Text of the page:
The hat trick rule prevents a relatively hyper-competitive band from total domination of one class for multiple years and tends to force a band to compete with their competitive equals, regardless of band or school size. However, it assumes that the best competitors are in the highest (read larger school size) classification. “Larger is better,” as a general statement, is fairly accurate but it is by no means the rule. I.e. – Prospect, a 5A band, won large school GC at U of I last week over all 6A bands. But would Prospect have won GC over Morton and all bands in 1A-4A? (I know, different judges, apples/oranges) The point is a smaller band at U of I could potentially have claimed GC over the larger bands had there been the same set of judges, making all bands eligible for an overall GC.

 

How would the hat trick rule have worked if applied in the past? Looking back through the ISU results to the year 2000. There are seven instances since 2000 where a band has won their division three or more years in a row. Eureka 1A 00-06, Illinois Valley Central 2A 02-04, Morton 2A 05-09, Lemont 3A 00-05, Marion Catholic 3A 06-09, Marion Catholic 4A 00-05, Lake Park 6A 01-04. (Some interesting stats come out of this – only two bands have won 3A in the past ten years, Lemont and MC; no band has won 5A more than twice in a row in the past ten years; MC has never lost the division they entered in the past ten years, 4A 00-05 and 3A 06-09).

 

I didn’t do all the math to determine what the result would have been had each of those bands been forced into the next higher class after winning three in a row but I did follow one as an example. Stay with me, this gets a little complicated. Marion Catholic (MC) won 4A in 00, 01, and 02, which would have forced them into 5A for the next year (the next three years if they continue winning in 5A). According to the scores posted in the archives, MC outscored (by a significant margin, 6-10 points) the winning 5A band for each of the next three years in 03, 04, and 05. Now the hat trick rule would force them up another class into 6A.

 

MC would have won 6A in 06, beating out Lincoln Way-East in the prelims (but this time by only two points). In 07 MC would have come in third in 6A competition to LW-East and Lake Park. Applying the hat trick rule then, in 08, MC would either stay in 6A at their choice or be placed according to the classification rules back in 3A and the hat trick process would start over. If I analyzed it correctly, the application of the hat trick rule to MC over this time period would not have affected at all MC’s making finals.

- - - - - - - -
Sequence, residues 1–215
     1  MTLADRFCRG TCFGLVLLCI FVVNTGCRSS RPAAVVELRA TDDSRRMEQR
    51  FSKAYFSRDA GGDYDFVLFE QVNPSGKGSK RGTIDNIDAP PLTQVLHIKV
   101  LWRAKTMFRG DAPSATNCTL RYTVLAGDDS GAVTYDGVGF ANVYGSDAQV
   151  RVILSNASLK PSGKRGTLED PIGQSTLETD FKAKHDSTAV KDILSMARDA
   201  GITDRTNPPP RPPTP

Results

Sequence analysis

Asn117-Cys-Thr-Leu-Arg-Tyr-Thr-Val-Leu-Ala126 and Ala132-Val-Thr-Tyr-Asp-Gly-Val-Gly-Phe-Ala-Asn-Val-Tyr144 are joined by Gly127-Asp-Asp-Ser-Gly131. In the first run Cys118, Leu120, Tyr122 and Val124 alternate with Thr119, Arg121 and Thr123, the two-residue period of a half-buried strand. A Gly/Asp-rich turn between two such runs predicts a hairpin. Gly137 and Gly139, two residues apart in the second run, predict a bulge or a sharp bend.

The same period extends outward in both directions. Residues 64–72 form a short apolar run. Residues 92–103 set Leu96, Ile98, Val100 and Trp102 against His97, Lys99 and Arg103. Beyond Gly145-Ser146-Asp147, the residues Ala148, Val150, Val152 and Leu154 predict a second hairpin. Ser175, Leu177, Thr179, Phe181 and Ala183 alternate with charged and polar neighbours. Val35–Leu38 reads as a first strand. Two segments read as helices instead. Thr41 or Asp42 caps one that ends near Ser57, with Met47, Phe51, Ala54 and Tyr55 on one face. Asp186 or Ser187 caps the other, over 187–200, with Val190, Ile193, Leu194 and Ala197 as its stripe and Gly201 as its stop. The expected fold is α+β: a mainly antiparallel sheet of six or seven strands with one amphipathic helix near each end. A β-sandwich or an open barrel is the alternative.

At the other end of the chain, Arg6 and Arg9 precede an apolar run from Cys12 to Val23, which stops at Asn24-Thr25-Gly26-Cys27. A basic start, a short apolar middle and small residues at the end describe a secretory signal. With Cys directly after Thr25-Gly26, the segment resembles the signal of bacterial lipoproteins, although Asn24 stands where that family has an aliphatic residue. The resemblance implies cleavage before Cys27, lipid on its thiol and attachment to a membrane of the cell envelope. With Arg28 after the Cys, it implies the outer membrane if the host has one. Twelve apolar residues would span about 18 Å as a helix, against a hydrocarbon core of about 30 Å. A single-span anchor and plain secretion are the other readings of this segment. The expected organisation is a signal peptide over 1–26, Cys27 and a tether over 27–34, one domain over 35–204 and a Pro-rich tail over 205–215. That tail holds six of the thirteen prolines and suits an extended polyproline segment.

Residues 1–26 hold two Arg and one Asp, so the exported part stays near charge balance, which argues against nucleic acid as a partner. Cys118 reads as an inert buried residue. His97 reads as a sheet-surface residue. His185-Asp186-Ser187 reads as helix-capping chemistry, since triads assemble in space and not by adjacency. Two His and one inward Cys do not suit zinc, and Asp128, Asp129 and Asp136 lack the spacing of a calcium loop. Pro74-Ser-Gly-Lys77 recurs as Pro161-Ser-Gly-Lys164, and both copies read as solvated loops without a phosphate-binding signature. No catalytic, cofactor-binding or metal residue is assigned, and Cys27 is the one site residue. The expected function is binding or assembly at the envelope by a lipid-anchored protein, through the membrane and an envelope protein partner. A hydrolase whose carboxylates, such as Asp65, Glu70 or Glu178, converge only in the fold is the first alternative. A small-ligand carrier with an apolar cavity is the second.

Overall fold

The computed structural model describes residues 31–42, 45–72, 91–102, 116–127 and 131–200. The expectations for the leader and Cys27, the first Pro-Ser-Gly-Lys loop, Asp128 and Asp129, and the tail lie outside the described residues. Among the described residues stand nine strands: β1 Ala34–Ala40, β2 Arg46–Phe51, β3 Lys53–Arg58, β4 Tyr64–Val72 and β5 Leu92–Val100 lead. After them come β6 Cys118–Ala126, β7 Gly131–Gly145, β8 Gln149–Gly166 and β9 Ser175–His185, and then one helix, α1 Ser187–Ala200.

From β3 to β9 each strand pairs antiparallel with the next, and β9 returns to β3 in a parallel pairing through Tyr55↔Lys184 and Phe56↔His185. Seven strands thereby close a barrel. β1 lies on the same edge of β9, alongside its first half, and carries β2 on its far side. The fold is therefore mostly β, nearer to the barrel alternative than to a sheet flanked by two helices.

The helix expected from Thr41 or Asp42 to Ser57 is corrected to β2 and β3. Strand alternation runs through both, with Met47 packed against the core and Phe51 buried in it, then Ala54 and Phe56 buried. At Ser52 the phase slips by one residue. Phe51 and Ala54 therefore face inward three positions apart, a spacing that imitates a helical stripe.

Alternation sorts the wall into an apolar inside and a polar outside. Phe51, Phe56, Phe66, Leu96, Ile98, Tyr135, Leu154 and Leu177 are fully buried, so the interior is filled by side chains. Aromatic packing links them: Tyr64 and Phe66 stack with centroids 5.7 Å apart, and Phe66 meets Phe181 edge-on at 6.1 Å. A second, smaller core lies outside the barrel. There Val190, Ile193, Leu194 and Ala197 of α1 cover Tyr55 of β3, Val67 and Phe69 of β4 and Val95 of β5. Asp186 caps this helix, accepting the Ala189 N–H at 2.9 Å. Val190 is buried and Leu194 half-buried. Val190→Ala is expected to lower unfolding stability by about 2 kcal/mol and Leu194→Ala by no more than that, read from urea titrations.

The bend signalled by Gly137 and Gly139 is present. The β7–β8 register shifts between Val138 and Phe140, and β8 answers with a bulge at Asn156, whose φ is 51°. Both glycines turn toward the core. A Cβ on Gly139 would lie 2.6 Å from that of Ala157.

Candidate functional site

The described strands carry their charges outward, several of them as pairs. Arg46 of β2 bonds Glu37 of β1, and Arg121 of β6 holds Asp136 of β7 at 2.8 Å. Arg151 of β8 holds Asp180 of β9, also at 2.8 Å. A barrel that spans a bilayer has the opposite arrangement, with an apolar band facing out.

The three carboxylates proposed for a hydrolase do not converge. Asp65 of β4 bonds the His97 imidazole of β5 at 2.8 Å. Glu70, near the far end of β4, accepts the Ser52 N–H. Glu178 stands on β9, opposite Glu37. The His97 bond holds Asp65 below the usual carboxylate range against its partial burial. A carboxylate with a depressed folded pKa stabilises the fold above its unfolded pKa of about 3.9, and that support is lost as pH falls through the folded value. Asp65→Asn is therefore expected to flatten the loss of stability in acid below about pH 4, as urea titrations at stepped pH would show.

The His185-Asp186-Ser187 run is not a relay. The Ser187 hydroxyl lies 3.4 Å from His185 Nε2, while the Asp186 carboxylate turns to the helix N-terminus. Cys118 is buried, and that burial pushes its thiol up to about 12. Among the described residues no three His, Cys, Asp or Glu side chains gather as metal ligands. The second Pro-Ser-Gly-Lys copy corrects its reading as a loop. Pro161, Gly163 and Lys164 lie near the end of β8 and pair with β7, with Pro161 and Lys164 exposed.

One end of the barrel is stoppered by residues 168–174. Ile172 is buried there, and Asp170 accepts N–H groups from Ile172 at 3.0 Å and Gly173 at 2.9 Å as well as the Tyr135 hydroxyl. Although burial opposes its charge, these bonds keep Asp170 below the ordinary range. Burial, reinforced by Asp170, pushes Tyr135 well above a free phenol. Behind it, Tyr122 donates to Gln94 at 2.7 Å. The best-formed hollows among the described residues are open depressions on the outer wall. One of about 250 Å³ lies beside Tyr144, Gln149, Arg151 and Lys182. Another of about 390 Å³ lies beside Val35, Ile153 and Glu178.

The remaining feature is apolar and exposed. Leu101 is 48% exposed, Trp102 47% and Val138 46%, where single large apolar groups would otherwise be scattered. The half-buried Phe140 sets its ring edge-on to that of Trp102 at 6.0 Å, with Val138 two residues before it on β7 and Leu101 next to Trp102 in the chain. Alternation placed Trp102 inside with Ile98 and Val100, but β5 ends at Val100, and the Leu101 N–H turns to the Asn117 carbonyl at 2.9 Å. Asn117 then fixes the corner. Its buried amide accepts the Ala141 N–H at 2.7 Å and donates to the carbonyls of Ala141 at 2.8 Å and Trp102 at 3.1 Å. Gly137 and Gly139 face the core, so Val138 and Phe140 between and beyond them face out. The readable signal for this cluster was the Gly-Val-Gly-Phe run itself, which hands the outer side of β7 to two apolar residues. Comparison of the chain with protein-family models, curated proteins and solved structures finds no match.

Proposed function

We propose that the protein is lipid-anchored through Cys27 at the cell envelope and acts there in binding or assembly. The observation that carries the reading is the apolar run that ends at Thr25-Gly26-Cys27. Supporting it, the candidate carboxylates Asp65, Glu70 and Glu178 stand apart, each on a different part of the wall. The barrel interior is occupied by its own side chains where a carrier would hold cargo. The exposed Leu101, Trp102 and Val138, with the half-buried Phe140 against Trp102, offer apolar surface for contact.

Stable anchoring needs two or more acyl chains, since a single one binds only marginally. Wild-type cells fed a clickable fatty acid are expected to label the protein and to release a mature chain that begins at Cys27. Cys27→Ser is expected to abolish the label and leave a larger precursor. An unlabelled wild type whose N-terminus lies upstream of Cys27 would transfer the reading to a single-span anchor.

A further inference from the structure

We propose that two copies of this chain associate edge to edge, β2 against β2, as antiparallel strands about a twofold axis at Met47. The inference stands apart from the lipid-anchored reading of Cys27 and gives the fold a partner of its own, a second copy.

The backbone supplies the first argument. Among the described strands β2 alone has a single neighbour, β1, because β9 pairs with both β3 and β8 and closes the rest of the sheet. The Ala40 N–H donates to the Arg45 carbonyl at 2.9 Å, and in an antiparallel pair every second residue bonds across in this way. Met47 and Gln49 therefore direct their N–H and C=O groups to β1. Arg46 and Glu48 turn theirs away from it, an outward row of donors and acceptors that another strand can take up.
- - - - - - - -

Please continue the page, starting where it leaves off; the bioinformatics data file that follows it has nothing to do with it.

As applied here, it appears the hat trick rule would have the desired effect of forcing a good band to compete with like bands for a spot in finals. But in the end it would not have prevented any really deserving band from having a shot at winning the Grand Champion award.

 

As a final argument for making a band compete with their equals, is my belief that stiff competition only serves to make a group strive that much harder to be good. Stiff competition breeds better bands on the whole.

 

Food for thought.

 

Mod edit: Fixed truncated post.

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This idea is very reasonable and well thought out...thanks for sharing!

 

My only question would be, why does the band have to move all the way back down to their original class if they lose 1 year. In you example, Marian would move down to 3A after losing in 6A just once. Why not have them just decrement by 1 and go back to 5A. If they win 5A 3 more years, then its back to 6A with them. Just a thought.

 

 

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It could be structured anyway you like. As I had it above the band could elect to stay in the higher level of competition after losing. I think one of the keys to making it workable is to take out the subjective judgment of some committee as to who stays and who goes at any given level of competition. After losing one year at a higher class of competition perhaps the band could choose to compete at any level between where they lost and where they fall in the classification by school size.